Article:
DAVE VORLAND: It Occurs To Me — A War Story

Friends know I enjoy used bookstores. There are many within easy driving distance of our place in Bloomington, Minn.

I recently purchased the above book for $1.50 at a Salvation Army resale outlet near the place that sells me Starbucks Italian Bold coffee.

“What Did You Do In the War, Daddy?” was self-published by Gordon C. Krantz, who like Dorette and me is (or was) a resident of Bloomington, Minn. It is subtitled “The Reminiscences of an Ordinary Draftee in World War II.”

Krantz was a member of the 537th engineering company, involved in combat during 1944 and 1945 after shipping to Europe aboard the passenger liner “Queen Elizabeth.”

The book describes his wartime experiences (as well as a tour of the battlefields he took with his wife many years after the war).

Here’s a brief excerpt, apparently from his diary:

“I don’t expect to come back. In a war you get killed. The ways things are going in Europe, we are in for a grim time. We know how to kill the other guy and he knows how to kill us. I may be alone in this expectation of getting killed, but I don’t think so. We have a song, a parody of the WWI song “over there.” It ends with ‘We’ll be over, we’re going over, and we’re all coming back in wooden underwear.’ Wooden underwear is a pine box.”

The 16.1 million veterans of World War II are rapidly disappearing. Only about 3.4 percent of those who served are still alive.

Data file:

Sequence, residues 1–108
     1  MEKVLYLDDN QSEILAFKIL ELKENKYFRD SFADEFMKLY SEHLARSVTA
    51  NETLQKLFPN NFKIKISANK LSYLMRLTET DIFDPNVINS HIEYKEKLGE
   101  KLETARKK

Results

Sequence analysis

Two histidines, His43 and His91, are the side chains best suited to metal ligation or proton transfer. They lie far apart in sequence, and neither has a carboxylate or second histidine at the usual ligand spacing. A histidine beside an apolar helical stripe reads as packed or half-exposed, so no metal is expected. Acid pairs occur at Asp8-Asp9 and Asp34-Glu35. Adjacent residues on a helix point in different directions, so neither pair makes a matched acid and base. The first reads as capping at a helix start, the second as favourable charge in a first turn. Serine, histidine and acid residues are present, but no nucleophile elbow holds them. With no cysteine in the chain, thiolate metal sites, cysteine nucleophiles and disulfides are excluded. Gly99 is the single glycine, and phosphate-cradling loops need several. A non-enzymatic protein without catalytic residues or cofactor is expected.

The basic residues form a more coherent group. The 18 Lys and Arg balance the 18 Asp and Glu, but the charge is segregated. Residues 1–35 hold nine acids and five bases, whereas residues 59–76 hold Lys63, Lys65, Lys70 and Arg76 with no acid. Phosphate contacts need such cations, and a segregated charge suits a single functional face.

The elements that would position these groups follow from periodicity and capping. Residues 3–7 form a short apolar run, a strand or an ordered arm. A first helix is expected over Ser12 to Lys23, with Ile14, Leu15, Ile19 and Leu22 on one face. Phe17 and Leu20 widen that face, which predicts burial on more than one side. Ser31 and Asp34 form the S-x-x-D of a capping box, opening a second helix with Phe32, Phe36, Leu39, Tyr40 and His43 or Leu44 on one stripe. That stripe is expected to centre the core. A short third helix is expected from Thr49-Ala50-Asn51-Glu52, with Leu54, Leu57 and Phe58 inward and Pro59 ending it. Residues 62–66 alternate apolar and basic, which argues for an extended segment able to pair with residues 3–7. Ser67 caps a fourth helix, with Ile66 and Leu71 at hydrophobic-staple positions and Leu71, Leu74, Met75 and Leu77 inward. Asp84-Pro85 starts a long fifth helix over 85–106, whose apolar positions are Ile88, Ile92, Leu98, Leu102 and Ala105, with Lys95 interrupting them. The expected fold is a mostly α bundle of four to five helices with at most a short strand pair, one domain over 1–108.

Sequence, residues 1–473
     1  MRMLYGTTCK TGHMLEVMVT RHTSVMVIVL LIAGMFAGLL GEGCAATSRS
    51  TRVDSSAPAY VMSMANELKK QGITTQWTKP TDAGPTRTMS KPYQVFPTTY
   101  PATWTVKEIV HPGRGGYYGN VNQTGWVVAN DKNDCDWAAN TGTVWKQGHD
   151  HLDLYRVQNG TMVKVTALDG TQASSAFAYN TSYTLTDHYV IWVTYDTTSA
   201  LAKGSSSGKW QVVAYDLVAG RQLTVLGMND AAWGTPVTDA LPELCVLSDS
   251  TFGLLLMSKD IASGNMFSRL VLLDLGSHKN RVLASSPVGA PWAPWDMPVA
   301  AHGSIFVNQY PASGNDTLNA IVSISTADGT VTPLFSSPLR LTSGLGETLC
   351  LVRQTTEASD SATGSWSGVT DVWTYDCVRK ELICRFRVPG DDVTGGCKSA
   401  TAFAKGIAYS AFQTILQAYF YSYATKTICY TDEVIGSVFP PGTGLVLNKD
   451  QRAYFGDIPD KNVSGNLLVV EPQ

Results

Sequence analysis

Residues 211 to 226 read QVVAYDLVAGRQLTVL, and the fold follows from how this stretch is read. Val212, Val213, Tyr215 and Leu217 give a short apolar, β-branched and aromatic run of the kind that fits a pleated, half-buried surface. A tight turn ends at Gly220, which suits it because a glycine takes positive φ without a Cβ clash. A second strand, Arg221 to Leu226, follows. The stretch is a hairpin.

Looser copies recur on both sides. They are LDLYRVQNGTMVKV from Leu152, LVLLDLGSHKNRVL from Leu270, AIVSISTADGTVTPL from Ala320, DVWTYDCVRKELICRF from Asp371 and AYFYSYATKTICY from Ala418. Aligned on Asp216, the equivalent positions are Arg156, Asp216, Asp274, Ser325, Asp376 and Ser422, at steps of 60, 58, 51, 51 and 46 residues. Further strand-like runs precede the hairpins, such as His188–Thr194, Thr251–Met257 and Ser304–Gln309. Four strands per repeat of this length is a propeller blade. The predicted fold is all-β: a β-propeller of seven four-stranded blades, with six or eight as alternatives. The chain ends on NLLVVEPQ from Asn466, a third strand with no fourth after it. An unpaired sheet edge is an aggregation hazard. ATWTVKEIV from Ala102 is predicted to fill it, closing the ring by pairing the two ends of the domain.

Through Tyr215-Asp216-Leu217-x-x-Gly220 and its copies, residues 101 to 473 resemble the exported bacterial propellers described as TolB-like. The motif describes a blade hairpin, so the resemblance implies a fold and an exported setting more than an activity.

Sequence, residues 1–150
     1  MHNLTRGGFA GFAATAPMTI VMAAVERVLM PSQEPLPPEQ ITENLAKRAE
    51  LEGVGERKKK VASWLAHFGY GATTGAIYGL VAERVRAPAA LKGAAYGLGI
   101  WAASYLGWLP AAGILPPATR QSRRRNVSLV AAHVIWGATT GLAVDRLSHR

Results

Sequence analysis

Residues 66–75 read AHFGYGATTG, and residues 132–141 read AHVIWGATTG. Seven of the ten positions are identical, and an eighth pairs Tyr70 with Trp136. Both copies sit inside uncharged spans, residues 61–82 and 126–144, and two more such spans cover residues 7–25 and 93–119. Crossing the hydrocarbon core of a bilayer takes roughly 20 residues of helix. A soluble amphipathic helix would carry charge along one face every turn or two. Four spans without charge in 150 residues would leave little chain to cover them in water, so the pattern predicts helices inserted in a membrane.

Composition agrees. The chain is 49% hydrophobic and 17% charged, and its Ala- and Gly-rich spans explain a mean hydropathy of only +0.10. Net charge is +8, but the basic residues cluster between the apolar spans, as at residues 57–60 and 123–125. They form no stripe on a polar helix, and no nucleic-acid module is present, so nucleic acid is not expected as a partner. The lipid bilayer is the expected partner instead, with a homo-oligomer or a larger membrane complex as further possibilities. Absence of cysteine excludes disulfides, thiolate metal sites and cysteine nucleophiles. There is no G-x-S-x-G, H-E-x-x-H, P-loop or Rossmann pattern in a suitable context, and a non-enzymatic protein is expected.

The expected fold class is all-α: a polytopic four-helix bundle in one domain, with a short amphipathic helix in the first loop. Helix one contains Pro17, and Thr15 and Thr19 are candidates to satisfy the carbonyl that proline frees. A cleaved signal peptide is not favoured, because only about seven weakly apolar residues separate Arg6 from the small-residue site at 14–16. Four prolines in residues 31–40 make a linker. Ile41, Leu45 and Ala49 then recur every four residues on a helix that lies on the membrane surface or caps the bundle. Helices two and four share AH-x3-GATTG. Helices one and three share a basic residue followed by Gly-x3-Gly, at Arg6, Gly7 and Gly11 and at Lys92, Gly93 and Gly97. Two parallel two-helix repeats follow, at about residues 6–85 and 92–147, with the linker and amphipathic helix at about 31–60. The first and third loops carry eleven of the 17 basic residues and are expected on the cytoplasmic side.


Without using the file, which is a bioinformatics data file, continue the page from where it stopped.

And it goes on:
The book has a warning notice on its title page: “This version is a private publication for family use only — Not for sale.”

If my calculation is correct, Krantz would be 93 years old. Not impossible, of course.

But given the fact his request that the book not be sold was ultimately ignored (recall that I bought it used at the resale store), Krantz may have crossed to the other side.

Dead or alive, I salute you.

DAVE VORLAND: It Occurs To Me — The Last Good Year?

When Dorette and I visited New Zealand a while ago, we heard a Maori proverb.

“Walk backwards toward the future.”

I thought of it when this picture of me as a kid (above) surfaced recently from my archive (that is to say, from my boxes of clutter).

It was taken by my father decades ago on the family farm in Wells County, North Dakota. Some of the tones have shifted over the decades, but the image still captures me. I have no recollection of the occasion — perhaps I was duded up for a school or church “program.”

As we used to say about active old guys, I’m still “spry.” But lately, a darker thought has occurred to me: “Is this my last good year?”

Hopefully not.

But I now truly understand the meaning and wisdom of the Maori saying — it’s useless to dwell on the future.

I’ll learn the ending of my story soon enough.

DAVE VORLAND: It Occurs To Me — My Favorite Bird

I’ve been hearing northern Cardinals but had not seen one close up until Saturday. They don’t migrate — one of the handful of species that live in Minnesota all year.

I photographed this female (above) under one of our feeders in Bloomington.

We’ll soon be hearing more of them. Both the males and females sing in earnest in March and April to establish territories and attract mates. They are the opera stars of the bird world — each individual has 10 to 12 unique song types, although some diva cardinals can sing more than 25.

It’s music to my ears.

According to my guide book, to maintain contact, males and females also give short nonmusical, metallic sounding “chip notes” singly or in a series. The frequency and volume of these calls increase with the level of agitation.